Annotated Bibliography: NGO - Academic Partnerships Introduction

Annotated Bibliography: NGO - Academic Partnerships
Prepared by Laura Langdon and Carmel Wallis
This review outlines different perspectives on partnerships between NGO and
academic institutions. The first section of this paper comprises publications that
discuss elements of academic-NGO partnering, and the second section introduces a
number of organisations that are involved in facilitating partnerships of this nature.
The publications and organisations featured are primarily focused on improving
development outcomes, though there are some that are included as more general
examples of good partnering practice.
Buchy, M., & Ahmed, S. (2007). Social Learning, academics and NGOs: Can the
collaborative formula work? Action Research, 5(4), 358-377.
doi: 10.1177/1476750307083712
Social learning, academics and NGOs: Can the collaborative formula work? is
focussed on an academic-NGO facilitated action research project in India, which
endeavoured to generate understanding around social change and learning in the
context of water management. In this discourse, the project directors critically reflect
on the collaborative aspect of the study and challenges encountered, including those
that arose through poor practice, as well as structural and cultural issues inherent to
partnerships between academics and practitioners. Through this discussion, the
authors evaluate the potential for collaboration to facilitate or hinder project work.
They reflect on their learning from this experience, and provide suggestions for
overcoming the discussed constraints in order to enhance the outcomes of future
academic-NGO research initiatives.
Delisle, H., Roberts, J., Munro, M., Jones, L., & Gyorkos, T. (2005). The role of
NGOs in global health research. Health Research Policy and Systems, 3(1).
The role of NGOs in global health research reviews the contribution of NGOs to
knowledge generation, priority setting, resource mobilisation, and capacity
development. Prepared by members of the Canadian Society for International Health
(CSIH), this paper contends that academic-NGO collaboration offers great potential
for maximising the benefits of research and developing effective means of
addressing global health and development issues. The authors also discuss some of
the constraints to NGO involvement in research, and present evidence-based
strategies on how these issues may be appropriately addressed.
Green, D. (2013, August 8). From poverty to power: Why are NGOs and academics
collaborating more? [Web blog post]. Retrieved from
Why are NGOs and academics collaborating more? examines the current state of
NGO and academic attitudes to collaborative research. It includes a number of links
to examples of joint research projects and discusses aspects that may impact the
rationale behind partnering. Green discusses some contemporary challenges, and
offers advice for those entering into partnerships of this nature. He also outlines an
argument that partnerships bestow different types of autonomy by leveraging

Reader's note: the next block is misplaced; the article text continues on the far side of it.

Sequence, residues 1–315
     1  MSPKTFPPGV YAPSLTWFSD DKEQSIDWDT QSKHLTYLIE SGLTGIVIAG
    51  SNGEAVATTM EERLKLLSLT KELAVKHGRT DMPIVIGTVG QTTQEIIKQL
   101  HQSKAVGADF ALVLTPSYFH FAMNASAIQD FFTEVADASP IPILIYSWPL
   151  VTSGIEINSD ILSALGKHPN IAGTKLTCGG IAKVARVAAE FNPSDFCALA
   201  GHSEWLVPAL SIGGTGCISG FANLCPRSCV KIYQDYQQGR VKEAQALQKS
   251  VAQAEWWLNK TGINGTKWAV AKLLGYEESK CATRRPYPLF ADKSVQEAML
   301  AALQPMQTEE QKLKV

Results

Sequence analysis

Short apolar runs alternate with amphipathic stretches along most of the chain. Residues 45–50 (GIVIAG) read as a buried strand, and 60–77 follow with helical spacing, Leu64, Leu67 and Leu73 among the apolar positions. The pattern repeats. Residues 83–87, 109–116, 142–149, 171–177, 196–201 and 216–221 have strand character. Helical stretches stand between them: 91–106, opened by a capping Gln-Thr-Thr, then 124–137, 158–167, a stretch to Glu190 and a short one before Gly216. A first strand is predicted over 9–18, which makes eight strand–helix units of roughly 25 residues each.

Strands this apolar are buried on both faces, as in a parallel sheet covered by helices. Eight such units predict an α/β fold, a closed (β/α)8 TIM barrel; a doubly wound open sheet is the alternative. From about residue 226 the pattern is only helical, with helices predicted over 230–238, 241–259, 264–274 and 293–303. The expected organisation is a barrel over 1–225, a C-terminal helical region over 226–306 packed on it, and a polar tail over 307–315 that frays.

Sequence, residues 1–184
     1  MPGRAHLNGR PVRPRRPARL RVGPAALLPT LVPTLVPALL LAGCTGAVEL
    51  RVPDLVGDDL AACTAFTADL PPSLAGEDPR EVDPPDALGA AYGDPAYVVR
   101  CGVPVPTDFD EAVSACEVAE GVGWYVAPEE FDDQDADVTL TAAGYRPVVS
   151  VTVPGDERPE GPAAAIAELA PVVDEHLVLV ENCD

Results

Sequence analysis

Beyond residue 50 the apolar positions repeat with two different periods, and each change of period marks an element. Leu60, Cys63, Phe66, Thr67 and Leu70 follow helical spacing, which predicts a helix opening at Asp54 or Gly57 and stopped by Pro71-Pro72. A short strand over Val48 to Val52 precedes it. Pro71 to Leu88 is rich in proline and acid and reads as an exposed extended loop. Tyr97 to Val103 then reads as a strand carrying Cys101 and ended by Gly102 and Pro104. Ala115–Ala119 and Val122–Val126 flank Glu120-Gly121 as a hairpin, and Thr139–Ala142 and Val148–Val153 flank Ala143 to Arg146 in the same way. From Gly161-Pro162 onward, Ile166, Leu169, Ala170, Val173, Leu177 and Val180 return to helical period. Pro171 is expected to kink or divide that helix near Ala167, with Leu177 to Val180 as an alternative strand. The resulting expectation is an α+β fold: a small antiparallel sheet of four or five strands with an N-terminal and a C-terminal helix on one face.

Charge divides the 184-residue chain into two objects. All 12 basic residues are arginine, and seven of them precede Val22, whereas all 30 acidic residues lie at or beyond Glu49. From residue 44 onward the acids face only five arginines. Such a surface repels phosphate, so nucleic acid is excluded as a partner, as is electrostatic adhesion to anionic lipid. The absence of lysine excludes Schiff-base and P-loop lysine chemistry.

partnering as a source of funding, allowing organisations to bypass government
funding as a first port of call. The value of environments which facilitate deeper
understanding of partnering are highlighted, and Green outlines what he perceives
as the best mechanisms to allow greater collaboration.
Goodwin, S., & Phillips, R. (2011). Researching the researchers: Policy research in
non-government organisations in the human services sector. Retrieved from
Researching the Researchers examines the expanding capacity for research that
NGOs in Australia have demonstrated in recent years, positioning them as effective
research institutions as well as service providers. The paper examines >50 NGOs in
the human services sector and analyses whether or not this additional role is
improving policy. Of note to the NGO-academic partnering process, the paper
includes a discussion of knowledge production methods, where NGOs have
assumed the role of academics or worked collaboratively with them. There is an
assessment of the virtue of partnering between NGOs and academic institutions for
knowledge gathering and policy production, though less about partnering for
implementation/service provision itself. The discussion surrounding research
legitimacy and partnering practice offers some valuable first hand insights from
members of both academic and NGO community members who have worked
Brohman, J., Gannitsos, I., & Roseland, M. (2003). Issues of participation in a
University-NGO, North-South Partnership: Internationalizing a CED
program. Canadian Journal of Development Studies, 24(1), 89-105.
Issues of Participation in a University-NGO, North-South Partnership examines
the partnering principles behind an international partnership and identifies potential
imbalances and barriers to partnering transactionally. This paper focuses less on the
individual practitioner’s experiences and more on the structural and institutional
problems that can occur when partnering on this scale. The case study is drawn from
Mexico, involving a Canadian public university, a Mexican private university, the